I still remember the day my mind was blown by a video game. My dad was something of an early adopter of the PC culture and was always tinkering with computers. Occasionally he would run into a problem that he couldn’t solve so he became a regular at a local computer repair store. On one of these trips I tagged along (probably because I was volun-told I would). Then my world changed. On the monitors being demonstrated for the world to see was a new game caled Wolfenstein 3D!
The Wolfenstein plot was not all that revolutionary. The player’s avatar, BJ Blazkowitz, infiltrates a Nazis castle and has to fight through several levels of Nazis soldiers to eventually take out Hitler himself. What was revolutionary though was the graphics! This was the game that help spawn the First Person Shooter movement. Instead of a side scroller like Super Mario or Metroid, Wolfenstein let the player see through BJ’s eyes. What’s more, the levels were 3D which meant that the player felt like they were actually walking around the castle! By modern standards the graphics are archaic but at the time a young Mr. Powley was enthralled.
Ive often thought about how a First Person Shooter can inspire classroom design. Most FPS are inherently violent. Most of the time the players avatar is heavily armed and attempting to shoot living targets.
There are some ‘serious games’ that attempt to use the format without the weapons. A game called “Gone Home” is based on solving the puzzle of missing family members by finding clues in an empty house. It’s the FPS format but without the violence. For the classroom though Wolfenstein 3D had one other really interesting feature:
- Easter Eggs!
Anyone that has played Wolfenstein knows exactly what I’m talking about. Clear a room and then go along each section of each wall hitting the open the door button. I think the colloquial term was “wall humping” based on the grunting sound BJ made as he searched. The great thing, gameplay-wise, about finding hidden rooms was that the rooms were full of treasure, ammo, and health. Finding a hidden room,might be just the thing needed to get through a tough level. There are deeper motivators at play though and they are connected to the Free Spirit and Socializer types – exploration and relatedness.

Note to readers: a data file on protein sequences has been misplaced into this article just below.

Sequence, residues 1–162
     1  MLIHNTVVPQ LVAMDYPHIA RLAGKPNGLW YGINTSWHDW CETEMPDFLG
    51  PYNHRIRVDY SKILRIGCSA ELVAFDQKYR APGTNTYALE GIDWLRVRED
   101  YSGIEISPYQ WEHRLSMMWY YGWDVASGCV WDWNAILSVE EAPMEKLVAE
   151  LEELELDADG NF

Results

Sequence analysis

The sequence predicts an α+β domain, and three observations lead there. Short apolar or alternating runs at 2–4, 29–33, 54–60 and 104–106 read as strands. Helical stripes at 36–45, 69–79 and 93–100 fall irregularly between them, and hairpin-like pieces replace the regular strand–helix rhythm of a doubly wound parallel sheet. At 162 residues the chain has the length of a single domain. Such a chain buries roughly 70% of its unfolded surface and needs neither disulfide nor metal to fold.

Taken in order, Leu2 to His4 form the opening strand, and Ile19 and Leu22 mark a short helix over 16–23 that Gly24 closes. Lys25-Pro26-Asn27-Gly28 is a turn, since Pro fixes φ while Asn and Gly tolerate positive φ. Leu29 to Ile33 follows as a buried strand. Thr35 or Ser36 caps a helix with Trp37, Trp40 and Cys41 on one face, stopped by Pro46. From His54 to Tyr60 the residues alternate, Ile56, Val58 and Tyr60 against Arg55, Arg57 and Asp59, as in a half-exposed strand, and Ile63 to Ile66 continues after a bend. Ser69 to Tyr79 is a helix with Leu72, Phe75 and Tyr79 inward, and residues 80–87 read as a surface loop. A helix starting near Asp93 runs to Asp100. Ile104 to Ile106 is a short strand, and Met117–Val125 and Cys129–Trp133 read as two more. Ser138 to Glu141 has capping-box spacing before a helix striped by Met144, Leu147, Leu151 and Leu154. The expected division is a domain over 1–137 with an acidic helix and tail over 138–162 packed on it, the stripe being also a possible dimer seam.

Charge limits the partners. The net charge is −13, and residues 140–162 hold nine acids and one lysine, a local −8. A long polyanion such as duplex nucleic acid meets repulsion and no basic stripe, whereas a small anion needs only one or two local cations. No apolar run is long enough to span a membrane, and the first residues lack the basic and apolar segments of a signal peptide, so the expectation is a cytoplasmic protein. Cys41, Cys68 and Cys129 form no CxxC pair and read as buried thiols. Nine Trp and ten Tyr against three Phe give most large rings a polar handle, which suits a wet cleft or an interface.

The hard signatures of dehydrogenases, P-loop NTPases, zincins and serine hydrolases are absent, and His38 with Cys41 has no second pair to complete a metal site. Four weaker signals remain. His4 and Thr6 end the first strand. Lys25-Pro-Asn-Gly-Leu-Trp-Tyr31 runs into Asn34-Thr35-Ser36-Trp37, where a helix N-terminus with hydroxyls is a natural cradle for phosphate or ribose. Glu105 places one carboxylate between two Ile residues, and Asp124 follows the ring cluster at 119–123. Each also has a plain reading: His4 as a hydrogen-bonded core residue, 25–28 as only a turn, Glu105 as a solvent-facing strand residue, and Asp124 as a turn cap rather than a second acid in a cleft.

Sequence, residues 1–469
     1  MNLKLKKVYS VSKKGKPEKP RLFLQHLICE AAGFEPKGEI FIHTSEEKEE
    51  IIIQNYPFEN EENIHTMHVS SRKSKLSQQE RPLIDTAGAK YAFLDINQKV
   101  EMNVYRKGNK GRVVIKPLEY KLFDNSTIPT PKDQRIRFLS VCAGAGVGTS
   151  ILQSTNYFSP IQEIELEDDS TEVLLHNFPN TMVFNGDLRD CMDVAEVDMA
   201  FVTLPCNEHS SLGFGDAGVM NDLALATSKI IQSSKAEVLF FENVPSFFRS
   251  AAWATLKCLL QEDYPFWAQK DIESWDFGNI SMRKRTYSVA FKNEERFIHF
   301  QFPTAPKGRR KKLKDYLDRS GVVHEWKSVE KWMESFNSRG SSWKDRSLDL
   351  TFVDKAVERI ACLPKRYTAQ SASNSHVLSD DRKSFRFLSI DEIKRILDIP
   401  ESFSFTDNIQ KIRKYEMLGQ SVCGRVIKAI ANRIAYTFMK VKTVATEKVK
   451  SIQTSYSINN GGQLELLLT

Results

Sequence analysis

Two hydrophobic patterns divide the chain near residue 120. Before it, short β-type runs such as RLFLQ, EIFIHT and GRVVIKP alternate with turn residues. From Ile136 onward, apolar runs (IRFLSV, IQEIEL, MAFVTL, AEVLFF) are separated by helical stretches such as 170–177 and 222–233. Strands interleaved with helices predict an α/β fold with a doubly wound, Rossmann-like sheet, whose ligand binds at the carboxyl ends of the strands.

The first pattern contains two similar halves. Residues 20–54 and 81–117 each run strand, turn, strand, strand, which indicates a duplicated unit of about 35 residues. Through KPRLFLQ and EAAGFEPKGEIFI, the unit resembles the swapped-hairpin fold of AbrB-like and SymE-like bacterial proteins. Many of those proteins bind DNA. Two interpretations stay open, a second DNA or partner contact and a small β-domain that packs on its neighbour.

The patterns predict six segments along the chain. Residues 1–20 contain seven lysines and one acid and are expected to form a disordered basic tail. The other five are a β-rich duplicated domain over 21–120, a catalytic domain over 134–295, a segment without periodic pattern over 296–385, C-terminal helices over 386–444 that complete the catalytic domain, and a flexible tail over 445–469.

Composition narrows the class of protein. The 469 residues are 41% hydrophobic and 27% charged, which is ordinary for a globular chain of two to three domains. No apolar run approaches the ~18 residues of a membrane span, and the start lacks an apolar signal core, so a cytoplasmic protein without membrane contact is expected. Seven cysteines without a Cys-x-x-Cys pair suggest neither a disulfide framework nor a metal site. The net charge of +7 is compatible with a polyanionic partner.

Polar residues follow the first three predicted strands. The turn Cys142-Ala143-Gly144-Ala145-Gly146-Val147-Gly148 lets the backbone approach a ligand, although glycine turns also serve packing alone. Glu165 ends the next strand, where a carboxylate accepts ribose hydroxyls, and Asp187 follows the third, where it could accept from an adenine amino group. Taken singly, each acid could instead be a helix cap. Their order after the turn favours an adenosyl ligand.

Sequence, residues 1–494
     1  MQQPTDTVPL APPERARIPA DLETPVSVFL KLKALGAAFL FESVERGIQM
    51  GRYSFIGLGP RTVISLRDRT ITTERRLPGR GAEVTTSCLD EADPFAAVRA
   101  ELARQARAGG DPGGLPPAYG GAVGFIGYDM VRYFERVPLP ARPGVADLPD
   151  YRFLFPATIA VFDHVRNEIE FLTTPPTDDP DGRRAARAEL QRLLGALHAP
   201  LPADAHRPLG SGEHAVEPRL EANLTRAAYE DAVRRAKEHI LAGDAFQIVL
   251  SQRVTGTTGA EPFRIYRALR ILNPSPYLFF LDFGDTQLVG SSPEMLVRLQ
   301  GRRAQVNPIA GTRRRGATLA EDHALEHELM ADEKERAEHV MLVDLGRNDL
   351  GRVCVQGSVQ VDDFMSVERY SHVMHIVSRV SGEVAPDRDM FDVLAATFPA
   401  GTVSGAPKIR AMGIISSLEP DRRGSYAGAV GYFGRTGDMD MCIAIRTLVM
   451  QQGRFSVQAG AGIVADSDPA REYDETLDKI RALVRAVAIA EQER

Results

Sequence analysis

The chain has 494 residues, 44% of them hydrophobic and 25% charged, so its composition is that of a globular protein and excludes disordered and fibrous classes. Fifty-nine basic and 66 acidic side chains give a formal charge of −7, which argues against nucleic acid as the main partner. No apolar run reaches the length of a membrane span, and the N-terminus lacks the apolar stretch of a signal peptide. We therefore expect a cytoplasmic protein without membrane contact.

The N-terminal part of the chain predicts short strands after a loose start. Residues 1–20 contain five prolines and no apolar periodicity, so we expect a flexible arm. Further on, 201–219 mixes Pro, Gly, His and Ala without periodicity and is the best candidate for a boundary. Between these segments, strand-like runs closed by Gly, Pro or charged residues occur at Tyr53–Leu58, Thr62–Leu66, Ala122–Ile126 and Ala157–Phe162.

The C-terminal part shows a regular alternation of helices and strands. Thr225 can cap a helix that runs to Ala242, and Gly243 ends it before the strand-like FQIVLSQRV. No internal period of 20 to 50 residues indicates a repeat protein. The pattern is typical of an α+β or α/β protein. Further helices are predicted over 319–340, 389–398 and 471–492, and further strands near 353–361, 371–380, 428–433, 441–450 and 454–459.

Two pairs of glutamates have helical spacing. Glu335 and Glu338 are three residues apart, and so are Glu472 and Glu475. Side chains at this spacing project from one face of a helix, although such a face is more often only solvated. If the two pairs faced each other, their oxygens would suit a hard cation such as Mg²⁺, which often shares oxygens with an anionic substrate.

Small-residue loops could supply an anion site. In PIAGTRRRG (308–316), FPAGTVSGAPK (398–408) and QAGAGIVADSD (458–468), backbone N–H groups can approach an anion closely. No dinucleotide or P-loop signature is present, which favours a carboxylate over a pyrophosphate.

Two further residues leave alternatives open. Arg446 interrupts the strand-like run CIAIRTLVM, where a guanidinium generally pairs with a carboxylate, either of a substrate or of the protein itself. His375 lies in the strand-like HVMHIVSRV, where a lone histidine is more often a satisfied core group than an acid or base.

Free Spirits want to interact with the game world and this can mean exploration. Easter Eggs, or hidden surprises throughout the game, allow for this exploration without making the search a requirement in the game. So what are some ways to bring this element into the classroom? I have a few favorites.
- Add a puzzle to presentations by highlighting letters that create a message.
- Post a map of your school with areas marked. Hide little quest cards in those locations. Maybe mark a fellow teachers or staff members location and have them give a riddle before giving the student a reward.
- Create hidden links on a Google Site by creating a picture the same color as the page background. Link the picture to another page with a hidden message.
- Use a Augmented Reality app to hide messages in the pictures in your room. Not feeling techie? Just hide puzzles in the room.
The other motivator – Relatedness – comes with the sharing of the secret. Guilds and other communities increase bonds and shared purpose through the sharing of embargoed information. There is a special glee in finding a secret that you can then share with your friends. For some game players / students this can also be a status reward. He or She was the ONE that found and shared the secret!
So take it from BJ Blazkowitz. Nazis are bad (but don’t go around shooting them) and Easter Eggs are good. Have fun hiding!